Profs gather to ‘fight the right’ at Socialism 2017 conference
More than 1,500 professors, students, and left-wing activists are expected to attend the "Socialism 2017" conference in Chicago next month.
The conference will feature more than 100 workshops exploring strategies to "fight the right" and "build the left" from a Marxist perspective.
Several presentations will be hosted by professors who have recently gained notoriety for inflammatory comments about President Trump and conservative protesters.
Marxist professors, including some of recent notoriety, are preparing for the upcoming “Socialism 2017” conference, where they will strategize to “build the left” and “fight the right.”
More than 1,500 professors, students, and left-wing activists from around the country are expected to gather in Chicago from July 6-9 in hopes of “fighting injustice and oppression” while resisting the “political system that spawned Trump.”
The four-day event will feature more than 100 meetings addressing topics such as misogyny, Islamophobia, immigration, racism, and much more from a socialist perspective.
A workshop called “How Capitalism Works and How It Doesn’t,” for instance, will make the case that because capitalism “is a system based on incessant accumulation based upon the exploitation of wage labor,” it also therefore “contains within it the seeds of its own demise.”
Many of the lectures, including the opening plenary, will be delivered by university professors, some of whom have become the subject of recent controversies related to inflammatory political remarks.
Princeton University professor Keeanga-Yamahtta Taylor will keynote the opening day of the conference with an address about “Fighting Racism in Trump’s America,” during which she will deliver a speech that she had previously cancelled amidst backlash for comments she made about Donald Trump.
Speaking at Hampshire College’s graduation ceremony in May, Taylor told graduating seniors that President Trump “is a racist, sexist megalomaniac.” Fox News subsequently picked up the story from Campus Reform, after which Taylor claims that she received more than 50 hateful, and sometimes threatening, emails that prompted her to cancel two previously-scheduled speaking engagements.
Syracuse University professor Dana Cloud will also be on hand to address a meeting sponsored by The Socialist Worker on the topic of “Lies, Damn Lies, and Fake News,” during which she will discuss “the new president’s obvious disdain for the truth,” which she believes has made “right-wing outlets” treat the credibility of government spokespersons with greater skepticism in their quest to “do whatever they can to fuel the right’s agenda.”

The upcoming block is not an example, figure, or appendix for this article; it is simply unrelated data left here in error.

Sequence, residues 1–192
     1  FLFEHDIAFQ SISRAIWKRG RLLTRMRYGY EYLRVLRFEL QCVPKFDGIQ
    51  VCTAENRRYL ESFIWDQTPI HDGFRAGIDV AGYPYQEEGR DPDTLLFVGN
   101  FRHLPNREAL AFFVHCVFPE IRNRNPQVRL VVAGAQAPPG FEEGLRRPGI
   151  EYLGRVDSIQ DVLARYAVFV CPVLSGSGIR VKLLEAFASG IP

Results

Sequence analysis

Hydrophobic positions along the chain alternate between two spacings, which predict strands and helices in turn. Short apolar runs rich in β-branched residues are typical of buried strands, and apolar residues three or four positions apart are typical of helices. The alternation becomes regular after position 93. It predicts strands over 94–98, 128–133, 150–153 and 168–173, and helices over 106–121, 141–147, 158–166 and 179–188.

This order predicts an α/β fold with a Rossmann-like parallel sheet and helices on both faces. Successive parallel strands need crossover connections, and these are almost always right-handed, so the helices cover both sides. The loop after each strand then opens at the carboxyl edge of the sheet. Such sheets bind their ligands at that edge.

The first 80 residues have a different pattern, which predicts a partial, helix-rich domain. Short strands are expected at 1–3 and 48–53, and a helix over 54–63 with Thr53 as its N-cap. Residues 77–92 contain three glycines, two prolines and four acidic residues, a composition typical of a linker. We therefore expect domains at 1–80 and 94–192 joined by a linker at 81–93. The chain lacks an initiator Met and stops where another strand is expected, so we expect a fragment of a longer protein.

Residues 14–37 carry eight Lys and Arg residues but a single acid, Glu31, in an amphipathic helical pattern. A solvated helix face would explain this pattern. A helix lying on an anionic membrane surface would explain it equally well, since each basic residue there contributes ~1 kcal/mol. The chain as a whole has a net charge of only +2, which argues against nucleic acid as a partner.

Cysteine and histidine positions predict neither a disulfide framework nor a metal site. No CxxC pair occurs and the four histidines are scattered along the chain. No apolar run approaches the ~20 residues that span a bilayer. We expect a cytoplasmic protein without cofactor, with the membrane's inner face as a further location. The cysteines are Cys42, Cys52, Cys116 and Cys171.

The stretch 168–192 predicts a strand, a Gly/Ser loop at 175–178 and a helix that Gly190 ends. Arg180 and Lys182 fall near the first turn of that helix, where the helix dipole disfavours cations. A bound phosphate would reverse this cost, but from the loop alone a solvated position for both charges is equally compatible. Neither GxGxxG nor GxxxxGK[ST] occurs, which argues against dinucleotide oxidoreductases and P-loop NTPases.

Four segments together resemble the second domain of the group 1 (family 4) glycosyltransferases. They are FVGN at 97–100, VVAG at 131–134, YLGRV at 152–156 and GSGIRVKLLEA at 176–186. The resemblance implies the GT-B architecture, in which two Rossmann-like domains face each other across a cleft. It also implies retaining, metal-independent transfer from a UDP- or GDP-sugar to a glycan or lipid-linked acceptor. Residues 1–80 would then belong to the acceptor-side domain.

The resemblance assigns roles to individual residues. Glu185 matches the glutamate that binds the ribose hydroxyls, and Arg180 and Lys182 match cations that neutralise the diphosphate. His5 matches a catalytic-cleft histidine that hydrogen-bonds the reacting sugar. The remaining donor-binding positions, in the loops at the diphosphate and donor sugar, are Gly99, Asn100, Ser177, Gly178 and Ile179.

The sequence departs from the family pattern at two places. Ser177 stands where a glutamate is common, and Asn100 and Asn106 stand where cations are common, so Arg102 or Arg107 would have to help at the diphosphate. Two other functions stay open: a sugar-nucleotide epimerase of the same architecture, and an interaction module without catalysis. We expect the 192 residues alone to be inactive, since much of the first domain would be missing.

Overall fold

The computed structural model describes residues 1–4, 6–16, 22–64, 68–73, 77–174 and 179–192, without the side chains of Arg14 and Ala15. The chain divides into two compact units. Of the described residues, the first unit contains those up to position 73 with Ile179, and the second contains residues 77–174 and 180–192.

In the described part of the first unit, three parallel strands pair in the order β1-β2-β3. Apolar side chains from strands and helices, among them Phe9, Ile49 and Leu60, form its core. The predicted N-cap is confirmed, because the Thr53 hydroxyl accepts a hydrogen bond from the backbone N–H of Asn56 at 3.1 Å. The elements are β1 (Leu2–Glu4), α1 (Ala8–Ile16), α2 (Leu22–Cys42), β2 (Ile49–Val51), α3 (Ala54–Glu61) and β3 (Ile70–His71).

Cloud came under fire earlier this month for a tweet that she sent out during a local “March Against Sharia” in Syracuse, which she counter-protested along with masked “antifa” demonstrators. As the tense standoff began to wind down, Cloud boasted that “we almost have the fascists in[sic] on the run” while calling for “Syracuse people” to “come down to the federal building to finish them off.”
Cloud has denied that her tweet was intended to incite violence against the conservative demonstrators, but the organizer of the march countered that from her perspective, it was clear that Cloud was trying to “shut down free speech” and “incite violence against us.”
Turning Point USA spokesperson Matt Lamb told Campus Reform that he finds it “ironic for professors to claim to support socialism and academic freedom and free speech,” pointing out that socialist nations such as North Korea and Venezuela are notorious for denying their citizens even basic freedoms while simultaneously impoverishing them through misguided government policies.
“The government cannot be trusted to redistribute goods and services,” Lamb remarked. “This is why Venezuelans have to eat pigeons and dogs.”
Professor Paul Le Blanc—a longtime social justice activist from La Roche College who will be speaking at a Socialism 2017 workshop called “Imagine: Living in a Socialist USA”—responded to Lamb’s argument by contending that North Korea and Venezuela are not true models of socialism because they are subject to elitist rule, and thus are not an accurate indication of what socialism would look like in the USA.
Le Blanc told Campus Reform that he believes the U.S. could achieve socialism through a “mass social movement” that would be “politically independent of any pro-capitalist politicians,” even going so far as to suggest that socialism could arise through a Third American Revolution.
“That won't be easy,” he acknowledged, “but we believe it is worth the effort.”
Conference organizers are particularly invested in attracting college students to the event, encouraging them to “plaster” their campuses with posters and brochures promoting Socialism 2017 and offering a 50 percent discount on registration fees.
Campus Reform reached out to request comment from professors Cloud and Taylor, as well as the organizers of Socialism 2017, but no responses were forthcoming.
Follow Campus Reform on Twitter: @CampusReform